Last night, I had the privilege of attending one of the only two performances of Die Walküre presented by the Dallas Symphony Orchestra. These performances are the farewell of conductor Jap van Zweden. In his years with the DSO, he took an okay orchestra and turned into into a world-renowned one. We always knew the day would come when he’d move on. Supporters of the orchestra dreaded it and, when word came approximately a year ago that he would be resigning to accept the post as Music Director at the New York Philharmonic, knew the end of an era was about to happen.
This season, van Zweden has conducted some of the DSO’s offerings but it has also served as a try-out for potential new conductors. Some have been better than others but none have shown the flair of van Zweden. Not that any of them won’t, in their own way, be as good if given the chance.
But talk about a send-off. Last night and tomorrow afternoon, van Zweden conducts Die Walküre, It’s not the full operatic staging with women in breastplates and such. The best way of describing it is Die Walküre in concert.
For those of you not familiar with it, Die Walküre hereis Wagner’s second entry in his Ring Cycle. German, rising arias and vengeful gods are part of it as is forbidden love. You can find the synopsis of the plot . Ride of the Valkyries is probably one of the most well-known tunes, for lack of a better word, around — especially if you are a fan of Buggs Bunny.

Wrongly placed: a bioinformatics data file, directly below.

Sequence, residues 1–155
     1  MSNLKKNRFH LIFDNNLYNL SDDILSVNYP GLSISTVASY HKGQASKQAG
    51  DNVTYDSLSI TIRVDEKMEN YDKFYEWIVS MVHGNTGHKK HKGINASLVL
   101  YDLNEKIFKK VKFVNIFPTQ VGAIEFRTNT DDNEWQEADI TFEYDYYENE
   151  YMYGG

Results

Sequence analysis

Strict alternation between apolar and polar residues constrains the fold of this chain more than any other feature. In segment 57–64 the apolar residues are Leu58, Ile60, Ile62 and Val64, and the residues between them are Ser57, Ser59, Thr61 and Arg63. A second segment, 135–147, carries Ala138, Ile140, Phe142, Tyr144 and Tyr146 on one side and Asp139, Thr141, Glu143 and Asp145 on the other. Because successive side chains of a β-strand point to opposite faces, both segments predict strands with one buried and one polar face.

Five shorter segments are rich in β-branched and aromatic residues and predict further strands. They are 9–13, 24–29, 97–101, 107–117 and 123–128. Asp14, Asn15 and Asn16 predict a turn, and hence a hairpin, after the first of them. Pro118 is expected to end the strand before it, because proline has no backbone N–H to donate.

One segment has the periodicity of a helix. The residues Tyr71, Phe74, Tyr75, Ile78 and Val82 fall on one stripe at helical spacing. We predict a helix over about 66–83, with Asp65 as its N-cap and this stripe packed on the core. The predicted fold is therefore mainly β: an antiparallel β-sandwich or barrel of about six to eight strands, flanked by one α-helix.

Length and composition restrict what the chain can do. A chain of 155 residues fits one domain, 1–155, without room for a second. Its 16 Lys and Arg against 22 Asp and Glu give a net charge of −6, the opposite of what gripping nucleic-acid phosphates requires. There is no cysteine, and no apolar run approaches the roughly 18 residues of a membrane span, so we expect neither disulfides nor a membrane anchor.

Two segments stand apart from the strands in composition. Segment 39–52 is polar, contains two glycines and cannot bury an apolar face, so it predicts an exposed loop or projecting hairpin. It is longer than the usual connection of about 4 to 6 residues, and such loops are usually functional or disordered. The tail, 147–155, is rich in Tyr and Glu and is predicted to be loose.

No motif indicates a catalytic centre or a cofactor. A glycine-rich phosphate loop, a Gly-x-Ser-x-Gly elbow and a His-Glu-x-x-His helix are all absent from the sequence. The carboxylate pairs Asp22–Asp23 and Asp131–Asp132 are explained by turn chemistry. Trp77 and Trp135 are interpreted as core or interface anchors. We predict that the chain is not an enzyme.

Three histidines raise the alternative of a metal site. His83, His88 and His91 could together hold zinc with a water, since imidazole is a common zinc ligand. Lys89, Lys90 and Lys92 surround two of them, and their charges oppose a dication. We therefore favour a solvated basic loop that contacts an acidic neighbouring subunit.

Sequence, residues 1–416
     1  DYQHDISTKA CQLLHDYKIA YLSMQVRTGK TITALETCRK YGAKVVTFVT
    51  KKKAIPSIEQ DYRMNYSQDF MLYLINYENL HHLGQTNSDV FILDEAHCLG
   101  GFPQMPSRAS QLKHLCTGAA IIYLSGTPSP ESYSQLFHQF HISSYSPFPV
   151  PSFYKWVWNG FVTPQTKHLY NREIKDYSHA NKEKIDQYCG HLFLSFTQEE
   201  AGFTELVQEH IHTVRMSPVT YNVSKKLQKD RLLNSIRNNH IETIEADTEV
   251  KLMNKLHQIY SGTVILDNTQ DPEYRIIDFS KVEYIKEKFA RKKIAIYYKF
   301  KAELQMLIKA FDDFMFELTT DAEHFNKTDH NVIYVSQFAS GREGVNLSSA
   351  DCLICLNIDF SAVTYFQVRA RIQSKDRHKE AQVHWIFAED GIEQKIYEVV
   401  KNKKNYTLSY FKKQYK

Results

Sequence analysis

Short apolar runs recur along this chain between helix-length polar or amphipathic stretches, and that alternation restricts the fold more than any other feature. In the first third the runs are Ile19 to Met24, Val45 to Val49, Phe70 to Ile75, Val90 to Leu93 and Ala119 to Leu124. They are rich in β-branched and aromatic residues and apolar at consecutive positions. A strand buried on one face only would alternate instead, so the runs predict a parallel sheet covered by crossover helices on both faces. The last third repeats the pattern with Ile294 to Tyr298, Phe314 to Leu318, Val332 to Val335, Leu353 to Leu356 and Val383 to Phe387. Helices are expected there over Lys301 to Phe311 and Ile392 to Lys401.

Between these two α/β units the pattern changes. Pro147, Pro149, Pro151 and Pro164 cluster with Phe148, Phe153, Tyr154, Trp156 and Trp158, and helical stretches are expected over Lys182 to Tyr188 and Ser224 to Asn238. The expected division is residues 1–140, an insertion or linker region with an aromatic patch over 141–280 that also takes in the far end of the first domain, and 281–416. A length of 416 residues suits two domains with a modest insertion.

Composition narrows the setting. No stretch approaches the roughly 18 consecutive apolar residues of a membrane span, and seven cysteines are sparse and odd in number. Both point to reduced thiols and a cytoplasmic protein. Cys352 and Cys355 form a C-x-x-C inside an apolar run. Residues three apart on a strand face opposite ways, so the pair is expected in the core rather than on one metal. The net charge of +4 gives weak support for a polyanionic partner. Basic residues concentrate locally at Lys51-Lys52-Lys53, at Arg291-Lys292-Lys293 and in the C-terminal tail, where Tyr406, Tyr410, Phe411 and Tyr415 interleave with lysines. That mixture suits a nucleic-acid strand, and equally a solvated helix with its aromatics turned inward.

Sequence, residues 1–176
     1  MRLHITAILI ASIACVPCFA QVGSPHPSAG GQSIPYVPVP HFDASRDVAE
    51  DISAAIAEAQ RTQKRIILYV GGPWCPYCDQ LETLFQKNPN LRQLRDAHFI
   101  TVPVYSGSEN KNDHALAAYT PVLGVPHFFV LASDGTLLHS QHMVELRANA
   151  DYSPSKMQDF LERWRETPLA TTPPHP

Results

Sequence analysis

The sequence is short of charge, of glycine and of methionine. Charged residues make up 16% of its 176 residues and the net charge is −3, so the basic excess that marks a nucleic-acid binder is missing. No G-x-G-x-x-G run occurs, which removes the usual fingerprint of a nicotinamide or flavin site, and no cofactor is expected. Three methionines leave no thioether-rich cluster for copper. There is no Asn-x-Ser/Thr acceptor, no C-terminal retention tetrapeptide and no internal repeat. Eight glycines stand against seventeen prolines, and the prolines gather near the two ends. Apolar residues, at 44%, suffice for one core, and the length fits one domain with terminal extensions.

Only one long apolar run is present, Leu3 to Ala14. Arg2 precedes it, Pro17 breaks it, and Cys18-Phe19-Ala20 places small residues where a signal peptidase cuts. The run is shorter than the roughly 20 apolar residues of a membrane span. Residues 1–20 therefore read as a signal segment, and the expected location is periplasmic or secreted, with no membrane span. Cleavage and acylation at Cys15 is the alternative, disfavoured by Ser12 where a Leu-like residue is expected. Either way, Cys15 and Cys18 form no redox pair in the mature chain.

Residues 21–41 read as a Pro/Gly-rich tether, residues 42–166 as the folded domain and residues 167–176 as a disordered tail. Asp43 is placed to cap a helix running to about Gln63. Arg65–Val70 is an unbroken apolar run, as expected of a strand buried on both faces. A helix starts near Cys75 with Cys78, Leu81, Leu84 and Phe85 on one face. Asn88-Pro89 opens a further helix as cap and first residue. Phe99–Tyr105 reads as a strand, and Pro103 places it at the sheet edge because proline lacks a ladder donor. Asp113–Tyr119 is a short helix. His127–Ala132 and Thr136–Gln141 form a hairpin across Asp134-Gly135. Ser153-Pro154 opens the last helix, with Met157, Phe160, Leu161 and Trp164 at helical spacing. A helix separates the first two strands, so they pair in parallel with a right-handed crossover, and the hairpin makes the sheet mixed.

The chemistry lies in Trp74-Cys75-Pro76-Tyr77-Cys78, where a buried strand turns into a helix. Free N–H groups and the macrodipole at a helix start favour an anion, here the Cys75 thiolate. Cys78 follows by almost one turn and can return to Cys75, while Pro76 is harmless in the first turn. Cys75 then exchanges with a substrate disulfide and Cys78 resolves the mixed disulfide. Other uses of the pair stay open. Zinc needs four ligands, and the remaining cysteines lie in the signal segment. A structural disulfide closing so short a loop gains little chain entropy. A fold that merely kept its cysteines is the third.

Now, wonderful as the evening happened to be — the DSO outdid itself in its performance, the vocalists were some of the best I have ever heard and the meal. . .let’s just say the entire DSO organization went above and beyond all expectations — there was a bump that could have completely derailed the entire performance. The vocalist set to appear as Wotan, a major character in the second and especially the third acts, fell ill. Around noon or so, he let the DSO know he would not be able to go onstage last night. That left them approximately six hours to find someone who could not only sing the role and it is a very demanding role, but who could come in and do it without once rehearsing with the orchestra or the other vocalists.
They found an excellent replacement — in San Francisco. Just before the performance began, the house announced the change, noting that the vocalist was currently still in the air but he would, we were assured, be there in time for the second act to begin.
It was an excellent evening. If I had any complaint, it would be the way the DSO displayed the libretto during the performance. It was adequate but nothing more. Of course, I kept forgetting about the signage they were using because the music was so wonderful — and this is from someone who isn’t a huge Wagner fan. I like parts of his work but, I’ll be honest, sitting through a performance that, with intermissions, ran close to 4 1/2 hours, was daunting. To have it performed so well that I didn’t check my watch and forgot all about the time is indicative of just what a wonderful job van Zweden, the orchestra and the vocalists did.
Here is hoping the DSO can bring van Zweden back as guest conductor from time to time. I wish him well but, damn, we’re going to miss him and his leadership.
Here’s an example of his work.
Farewell, good sir. Good luck in New York.